'Great ideas' surface for south Naperville plaza
An underused corner of the Frontier Sports Complex in Naperville someday could become one of its most happening spots if plans progress to create a plaza and gathering space.
A conceptual drawing completed for the field and pond south of the 95th Street Library imagines a multiuse space with a storybook-themed playground and outdoor classrooms, a band shell with amphitheater seating, a fitness lawn, sculptures, new pathways and a boat launch.
Of course, these are just ideas, Naperville Park District officials say -- and very early ones at that.
But the park district and partners including the Naperville Public Library and potentially the city of Naperville, Indian Prairie Unit District 204 and nearby businesses, are beginning to consider the ideas to determine possibilities.
"There's so many great ideas on paper," said Ray McGury, the park district's executive director. "But to try to pay for them is another thing."
To build the plaza as designed could cost $3.5 million to $4.5 million, according to Hitchcock Design Group, which prepared conceptual drawings and presented them to the park board Thursday.
Park board President Mike Reilly said the board would be unlikely to take on the entire cost alone. If that was the case, McGury said the district could start small and build a playground or a few path connections.
"I'd say something will happen there in the future," he said.
But officials are still thinking big and exploring whether partners can contribute to the cost to make a "more expansive" project more doable.
"If you don't think out of the box once in a while," Reily said, "you're not going to come up with any creative ideas."
The idea of turning the two acres south of the library into a usable outdoor space came from Karen Dunford, 95th Street Library manager.
Dunford said she's overheard library patrons complain about a lack of connections between the building and the park and shops nearby. She said a plaza could be the "missing puzzle piece" in the area and could allow things like outdoor storytimes for toddlers and outdoor homework tables for teens.
"If we had a park, I know that it would be filled with people all the time," Dunford said. "I'm just really excited about it. I think it's a great possibility."
Officials for years have said south Naperville needs a central community space -- not exactly like the Riverwalk, with all of its seating and sculptures near shopping downtown -- but a hub of activity to serve as a destination.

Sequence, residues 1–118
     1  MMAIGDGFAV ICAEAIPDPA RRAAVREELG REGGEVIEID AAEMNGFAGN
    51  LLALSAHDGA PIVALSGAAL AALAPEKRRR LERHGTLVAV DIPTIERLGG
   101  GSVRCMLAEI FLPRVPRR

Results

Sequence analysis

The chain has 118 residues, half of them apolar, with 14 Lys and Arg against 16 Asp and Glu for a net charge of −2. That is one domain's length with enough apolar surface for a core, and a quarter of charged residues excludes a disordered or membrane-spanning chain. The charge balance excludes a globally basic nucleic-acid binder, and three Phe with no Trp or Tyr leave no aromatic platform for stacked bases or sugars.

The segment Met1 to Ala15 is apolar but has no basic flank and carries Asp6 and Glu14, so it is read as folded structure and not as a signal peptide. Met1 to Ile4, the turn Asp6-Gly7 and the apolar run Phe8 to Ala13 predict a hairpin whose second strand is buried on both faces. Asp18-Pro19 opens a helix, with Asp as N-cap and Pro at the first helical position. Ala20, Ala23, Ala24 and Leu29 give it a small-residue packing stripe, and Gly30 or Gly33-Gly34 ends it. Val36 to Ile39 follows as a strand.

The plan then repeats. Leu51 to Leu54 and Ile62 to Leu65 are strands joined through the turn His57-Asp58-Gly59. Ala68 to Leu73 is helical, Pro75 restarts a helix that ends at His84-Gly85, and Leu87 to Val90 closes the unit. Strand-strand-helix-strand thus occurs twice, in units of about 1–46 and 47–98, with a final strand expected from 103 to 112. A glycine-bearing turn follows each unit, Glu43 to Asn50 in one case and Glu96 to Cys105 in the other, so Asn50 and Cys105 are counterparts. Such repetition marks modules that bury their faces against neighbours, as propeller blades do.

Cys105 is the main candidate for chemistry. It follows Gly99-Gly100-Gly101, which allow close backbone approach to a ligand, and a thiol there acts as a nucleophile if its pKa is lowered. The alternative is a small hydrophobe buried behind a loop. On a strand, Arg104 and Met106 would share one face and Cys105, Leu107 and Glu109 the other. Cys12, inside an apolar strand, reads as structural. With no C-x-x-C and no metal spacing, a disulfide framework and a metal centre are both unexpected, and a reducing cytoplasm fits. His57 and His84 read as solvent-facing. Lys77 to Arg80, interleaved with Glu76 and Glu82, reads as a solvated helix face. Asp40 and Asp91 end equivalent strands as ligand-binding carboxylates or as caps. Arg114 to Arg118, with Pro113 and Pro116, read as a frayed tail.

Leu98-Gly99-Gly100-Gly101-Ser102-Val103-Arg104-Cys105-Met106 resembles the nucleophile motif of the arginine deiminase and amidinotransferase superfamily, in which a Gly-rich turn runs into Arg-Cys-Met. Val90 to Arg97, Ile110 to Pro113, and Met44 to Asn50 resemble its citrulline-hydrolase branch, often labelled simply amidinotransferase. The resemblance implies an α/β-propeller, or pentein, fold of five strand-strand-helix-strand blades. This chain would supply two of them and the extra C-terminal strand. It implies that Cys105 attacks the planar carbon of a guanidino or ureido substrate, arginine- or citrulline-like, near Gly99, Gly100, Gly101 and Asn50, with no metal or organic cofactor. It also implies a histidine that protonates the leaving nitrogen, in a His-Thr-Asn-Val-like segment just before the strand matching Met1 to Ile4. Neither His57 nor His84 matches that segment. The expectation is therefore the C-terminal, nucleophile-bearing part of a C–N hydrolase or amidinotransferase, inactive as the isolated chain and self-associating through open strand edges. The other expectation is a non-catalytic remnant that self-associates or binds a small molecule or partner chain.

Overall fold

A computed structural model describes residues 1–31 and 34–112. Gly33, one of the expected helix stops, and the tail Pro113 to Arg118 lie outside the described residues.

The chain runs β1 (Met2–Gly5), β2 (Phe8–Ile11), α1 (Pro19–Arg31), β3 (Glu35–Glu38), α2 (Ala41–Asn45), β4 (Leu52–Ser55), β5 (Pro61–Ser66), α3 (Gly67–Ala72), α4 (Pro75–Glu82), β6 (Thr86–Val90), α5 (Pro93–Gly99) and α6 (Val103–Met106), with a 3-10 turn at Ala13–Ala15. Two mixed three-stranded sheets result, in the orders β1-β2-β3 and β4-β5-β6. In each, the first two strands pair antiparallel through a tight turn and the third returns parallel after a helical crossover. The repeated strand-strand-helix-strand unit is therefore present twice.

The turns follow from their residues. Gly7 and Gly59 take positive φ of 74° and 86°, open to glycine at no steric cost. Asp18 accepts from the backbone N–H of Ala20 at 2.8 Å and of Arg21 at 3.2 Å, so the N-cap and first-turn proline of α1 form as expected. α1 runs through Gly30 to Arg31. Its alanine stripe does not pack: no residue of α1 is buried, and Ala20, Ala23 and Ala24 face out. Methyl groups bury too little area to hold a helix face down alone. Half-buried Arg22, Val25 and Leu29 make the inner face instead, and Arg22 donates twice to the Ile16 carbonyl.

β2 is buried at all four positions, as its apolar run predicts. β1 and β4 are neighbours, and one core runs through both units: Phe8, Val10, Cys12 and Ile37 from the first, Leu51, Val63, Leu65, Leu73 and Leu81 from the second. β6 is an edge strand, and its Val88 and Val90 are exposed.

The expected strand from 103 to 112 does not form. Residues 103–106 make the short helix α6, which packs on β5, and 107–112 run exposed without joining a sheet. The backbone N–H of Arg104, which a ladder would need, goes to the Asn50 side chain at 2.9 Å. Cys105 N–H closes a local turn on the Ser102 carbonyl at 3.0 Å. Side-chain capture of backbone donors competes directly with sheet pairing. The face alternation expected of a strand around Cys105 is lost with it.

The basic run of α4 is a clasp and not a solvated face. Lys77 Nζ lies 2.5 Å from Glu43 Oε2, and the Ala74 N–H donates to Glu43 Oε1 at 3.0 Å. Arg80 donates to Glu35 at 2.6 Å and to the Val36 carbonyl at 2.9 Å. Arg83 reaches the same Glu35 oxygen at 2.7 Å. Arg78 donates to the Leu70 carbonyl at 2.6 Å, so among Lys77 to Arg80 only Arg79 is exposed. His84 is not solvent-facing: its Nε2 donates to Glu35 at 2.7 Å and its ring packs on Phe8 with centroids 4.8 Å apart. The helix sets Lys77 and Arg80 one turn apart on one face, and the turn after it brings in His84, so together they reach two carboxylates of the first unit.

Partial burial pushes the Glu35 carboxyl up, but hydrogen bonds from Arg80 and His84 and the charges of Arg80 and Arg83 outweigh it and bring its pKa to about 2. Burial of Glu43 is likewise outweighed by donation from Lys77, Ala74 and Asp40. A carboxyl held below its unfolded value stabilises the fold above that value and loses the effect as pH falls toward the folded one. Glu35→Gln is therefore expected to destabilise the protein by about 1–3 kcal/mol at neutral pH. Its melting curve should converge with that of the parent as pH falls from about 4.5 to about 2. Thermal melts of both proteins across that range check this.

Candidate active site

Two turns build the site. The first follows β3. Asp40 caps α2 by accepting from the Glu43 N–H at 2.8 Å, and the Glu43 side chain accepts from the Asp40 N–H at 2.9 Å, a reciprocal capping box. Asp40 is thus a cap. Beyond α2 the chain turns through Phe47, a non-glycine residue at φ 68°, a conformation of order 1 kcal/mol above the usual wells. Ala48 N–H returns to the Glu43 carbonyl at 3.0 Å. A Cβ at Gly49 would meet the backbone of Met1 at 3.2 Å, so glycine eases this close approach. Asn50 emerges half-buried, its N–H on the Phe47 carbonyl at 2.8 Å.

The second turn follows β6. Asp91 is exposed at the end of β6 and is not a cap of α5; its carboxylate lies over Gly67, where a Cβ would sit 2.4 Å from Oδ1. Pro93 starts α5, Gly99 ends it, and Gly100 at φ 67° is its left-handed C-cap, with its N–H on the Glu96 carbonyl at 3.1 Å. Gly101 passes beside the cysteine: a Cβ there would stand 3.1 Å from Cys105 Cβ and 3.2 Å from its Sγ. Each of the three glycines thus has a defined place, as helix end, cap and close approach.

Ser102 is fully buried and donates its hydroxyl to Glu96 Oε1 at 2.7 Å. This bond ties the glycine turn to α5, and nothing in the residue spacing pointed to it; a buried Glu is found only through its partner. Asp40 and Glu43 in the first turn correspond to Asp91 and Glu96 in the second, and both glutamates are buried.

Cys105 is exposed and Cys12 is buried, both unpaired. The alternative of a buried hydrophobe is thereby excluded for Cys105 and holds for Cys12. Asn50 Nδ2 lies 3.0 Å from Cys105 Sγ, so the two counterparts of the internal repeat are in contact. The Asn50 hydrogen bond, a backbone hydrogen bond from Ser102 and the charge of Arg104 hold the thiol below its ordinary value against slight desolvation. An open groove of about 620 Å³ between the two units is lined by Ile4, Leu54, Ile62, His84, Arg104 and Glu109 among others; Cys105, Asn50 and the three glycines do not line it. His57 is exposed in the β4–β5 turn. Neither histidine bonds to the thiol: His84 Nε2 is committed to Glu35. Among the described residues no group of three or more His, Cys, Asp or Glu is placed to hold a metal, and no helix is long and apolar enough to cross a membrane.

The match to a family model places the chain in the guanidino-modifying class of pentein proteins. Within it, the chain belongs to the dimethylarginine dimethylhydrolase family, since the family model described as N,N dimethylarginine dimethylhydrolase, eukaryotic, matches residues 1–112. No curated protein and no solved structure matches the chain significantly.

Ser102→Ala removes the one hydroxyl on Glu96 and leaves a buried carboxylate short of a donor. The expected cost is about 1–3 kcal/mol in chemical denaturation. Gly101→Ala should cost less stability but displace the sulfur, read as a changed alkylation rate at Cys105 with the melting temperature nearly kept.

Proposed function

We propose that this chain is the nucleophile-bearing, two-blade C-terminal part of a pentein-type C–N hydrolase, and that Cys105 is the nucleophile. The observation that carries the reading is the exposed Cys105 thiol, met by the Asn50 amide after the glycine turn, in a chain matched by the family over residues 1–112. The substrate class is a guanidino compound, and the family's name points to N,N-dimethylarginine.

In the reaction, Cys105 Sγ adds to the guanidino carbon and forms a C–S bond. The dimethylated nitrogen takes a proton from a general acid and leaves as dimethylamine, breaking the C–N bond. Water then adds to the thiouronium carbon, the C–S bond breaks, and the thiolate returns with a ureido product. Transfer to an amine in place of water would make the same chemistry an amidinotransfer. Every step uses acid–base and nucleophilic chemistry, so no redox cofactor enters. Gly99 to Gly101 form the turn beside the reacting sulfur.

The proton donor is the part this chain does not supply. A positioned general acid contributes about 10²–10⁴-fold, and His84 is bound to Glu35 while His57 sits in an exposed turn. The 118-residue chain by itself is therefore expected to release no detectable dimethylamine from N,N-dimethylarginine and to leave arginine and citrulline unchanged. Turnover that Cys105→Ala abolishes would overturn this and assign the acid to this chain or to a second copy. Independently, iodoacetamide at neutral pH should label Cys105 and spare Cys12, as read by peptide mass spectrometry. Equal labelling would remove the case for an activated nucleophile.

The 95th Street Library, which gets busy with Neuqua Valley High School students and mothers pushing young ones in strollers, already is a destination, Dunford said. But its appeal could be heightened if something more is done with what Dunford and Reilly called the "overgrown" site of the potential plaza.
"Here we have this 2-acre plot that's in the midst of a lot of activity," Reilly said. "An outside component to be a gathering place would seem to have some attraction."
Hitchcock Design Group plans to present the same conceptual drawings of the plaza to the library board during a meeting Thursday. Then the park district, library, city and District 204 can begin talks about how a plaza might fit into their plans.
"It gives us some good food for thought," Reilly said about the sketches of the potential plaza. "It's a start, and that's really all it is for now."
Frontier field improvementsThe 110-acre Frontier Sports Complex at 3415 Book Road in south Naperville is in the midst of a third phase of improvements to fields, irrigation, parking, bathrooms and pathways. Here's what has been completed so far and what's in store for this year.
2016: $1.4 million
• Regraded four multipurpose fields on the east side of the park
• Improved irrigation system
• Constructed bathroom building
• Built a west side parking lot
• Built an accessible path from the new parking lot to fields
• Regraded four more multipurpose fields
• Improved irrigation for those four fields and tied it into new irrigation system
• Regrading and irrigation of three east-side multipurpose fields
• Building more accessible trail connections from west side ball fields to paths and parking lots